By Aditi Risbud Bartl
The Preparing Engineering Graduate Students for the 21st Century (PEGS21) project at UC Davis seeks to support first generation students as they advance from undergraduate to graduate school in pursuit of their career dreams.
In 2016, the program received a five-year, $1M grant from the National Science Foundation to improve the support of students to help students overcome barriers and promote the enrollment, persistence and graduation of low-income, academically talented, underrepresented students in engineering graduate programs.
Studies show first generation students face unique challenges in the progression through graduate education. Traditionally, first-year graduate students in engineering have scant resources dedicated to their mentoring and socialization. PEGS21 seeks to reduce the barriers first-generation students face by providing personalized mentoring, guidance and support, along with a $10,000 scholarship to first-generation scholars in their first year of engineering graduate study.
First-year biomedical engineering graduate student Shahin Shams is a 2018 PEGS21 participant, working with biomedical engineering professor Eduardo Silva on polymeric biomaterials for gene and cell therapies.
“The program takes people that did very well in an undergraduate setting, and gives them more resources and an outlet to ask the questions that they need so they can succeed as best as they can,” Shams says. “Even though I went here as an undergrad, there’s so much stuff I didn’t know.”
Shams’ family came to California in the early 1980s; her mother from the economically depressed suburbs of Detroit and her father from Iran fleeing the Iranian Revolution. As a child, she peppered her father with questions about math and science, who helped develop the building blocks of her interest in engineering. Her mother “was much more focused on nature,” Shams says. “We’d go on nature walks and she’d be like, ‘Oh, there’s a caterpillar.’ And then she would explain what a caterpillar is and how it transitions into a butterfly. She would do that with everything. And I just thought that there was such a dynamic state around us that I wanted to go and explore it for myself.”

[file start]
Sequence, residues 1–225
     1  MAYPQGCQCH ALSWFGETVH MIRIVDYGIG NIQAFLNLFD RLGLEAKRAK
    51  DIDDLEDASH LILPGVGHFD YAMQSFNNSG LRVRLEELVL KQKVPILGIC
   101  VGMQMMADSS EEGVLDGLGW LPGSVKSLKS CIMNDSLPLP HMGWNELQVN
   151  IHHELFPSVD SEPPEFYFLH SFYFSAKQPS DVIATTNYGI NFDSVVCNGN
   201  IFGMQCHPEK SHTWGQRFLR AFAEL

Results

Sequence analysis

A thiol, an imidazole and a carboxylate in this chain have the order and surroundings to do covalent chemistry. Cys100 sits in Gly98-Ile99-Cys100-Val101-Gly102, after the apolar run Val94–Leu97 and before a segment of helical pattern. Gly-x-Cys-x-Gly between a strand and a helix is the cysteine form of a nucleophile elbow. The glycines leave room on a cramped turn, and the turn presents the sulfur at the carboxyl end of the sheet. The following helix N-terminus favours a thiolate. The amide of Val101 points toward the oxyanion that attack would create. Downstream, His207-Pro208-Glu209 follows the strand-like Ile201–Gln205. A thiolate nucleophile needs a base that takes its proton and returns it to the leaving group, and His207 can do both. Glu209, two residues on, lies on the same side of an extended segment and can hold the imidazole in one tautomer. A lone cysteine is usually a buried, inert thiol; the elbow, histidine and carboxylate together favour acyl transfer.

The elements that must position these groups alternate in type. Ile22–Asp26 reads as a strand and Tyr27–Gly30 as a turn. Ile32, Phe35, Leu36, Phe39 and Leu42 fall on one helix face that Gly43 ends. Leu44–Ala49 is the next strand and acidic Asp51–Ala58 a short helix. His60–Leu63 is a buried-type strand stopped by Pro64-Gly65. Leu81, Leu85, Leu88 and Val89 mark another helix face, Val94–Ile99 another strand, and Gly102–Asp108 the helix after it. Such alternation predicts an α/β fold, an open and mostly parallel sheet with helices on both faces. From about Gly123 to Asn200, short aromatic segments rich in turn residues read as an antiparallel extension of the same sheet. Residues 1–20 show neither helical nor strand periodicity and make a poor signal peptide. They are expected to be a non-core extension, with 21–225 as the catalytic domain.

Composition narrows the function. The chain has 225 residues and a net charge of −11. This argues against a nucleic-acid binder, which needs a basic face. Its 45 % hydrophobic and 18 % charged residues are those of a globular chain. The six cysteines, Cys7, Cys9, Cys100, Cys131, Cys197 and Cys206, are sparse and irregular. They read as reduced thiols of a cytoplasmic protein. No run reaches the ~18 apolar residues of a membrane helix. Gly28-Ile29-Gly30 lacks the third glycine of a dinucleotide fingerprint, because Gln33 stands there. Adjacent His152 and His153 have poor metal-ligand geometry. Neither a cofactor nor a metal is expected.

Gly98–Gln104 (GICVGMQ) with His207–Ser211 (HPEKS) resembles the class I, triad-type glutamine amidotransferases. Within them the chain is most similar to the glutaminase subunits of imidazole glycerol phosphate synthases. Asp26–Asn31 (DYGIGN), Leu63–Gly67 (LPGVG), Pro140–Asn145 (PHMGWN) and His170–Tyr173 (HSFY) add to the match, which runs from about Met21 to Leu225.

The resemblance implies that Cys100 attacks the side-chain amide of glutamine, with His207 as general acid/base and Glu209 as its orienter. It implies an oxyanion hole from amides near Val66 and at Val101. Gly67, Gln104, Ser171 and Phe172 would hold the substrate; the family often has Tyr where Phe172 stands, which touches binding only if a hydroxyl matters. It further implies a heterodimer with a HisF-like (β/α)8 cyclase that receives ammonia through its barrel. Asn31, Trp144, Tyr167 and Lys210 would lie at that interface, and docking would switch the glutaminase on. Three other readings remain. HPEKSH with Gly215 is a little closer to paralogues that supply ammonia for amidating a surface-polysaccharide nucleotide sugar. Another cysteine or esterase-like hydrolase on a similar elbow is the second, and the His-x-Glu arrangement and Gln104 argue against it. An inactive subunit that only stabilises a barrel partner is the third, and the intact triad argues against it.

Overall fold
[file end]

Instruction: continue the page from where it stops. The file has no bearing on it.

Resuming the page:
In 2015, as a junior at UC Davis, Shams came up with the idea to write children’s books to explain challenging concepts in engineering. Biomedical engineering professor Kent Leach told Shams “if you can explain something to a six-year-old, that means you fully understand it.”
She came up with the idea of passing around cookies as a way to explain diffusion.
“If you are passing cookies around to share, it goes from a high concentration of cookies to a low concentration, so that everybody gets one. I thought this was a unique way to show that engineering isn’t just all mathematics, there’s a human connection.” This project further inspired her to writing children’s books explaining STEM topics to elementary schoolers—with three published explaining what vaccines are, what blood is, and what allergies are. Now as a graduate student, Shams is planning on developing additional children’s books related to asthma and diabetes, two diseases affecting an increasingly large proportion of the U.S. population.
After earning her Ph.D., Shams hopes to attend law school, with the eventual goal of becoming a patent lawyer. She encourages others to think beyond their comfort zones: “Ask as many questions as possible, seek out any teacher that you have and ask them as many questions as you can. I think I would’ve had a much more solid baseline if I had just talked to my teachers a little bit more because they are there to help. They really want to see you succeed as much as you want to succeed.”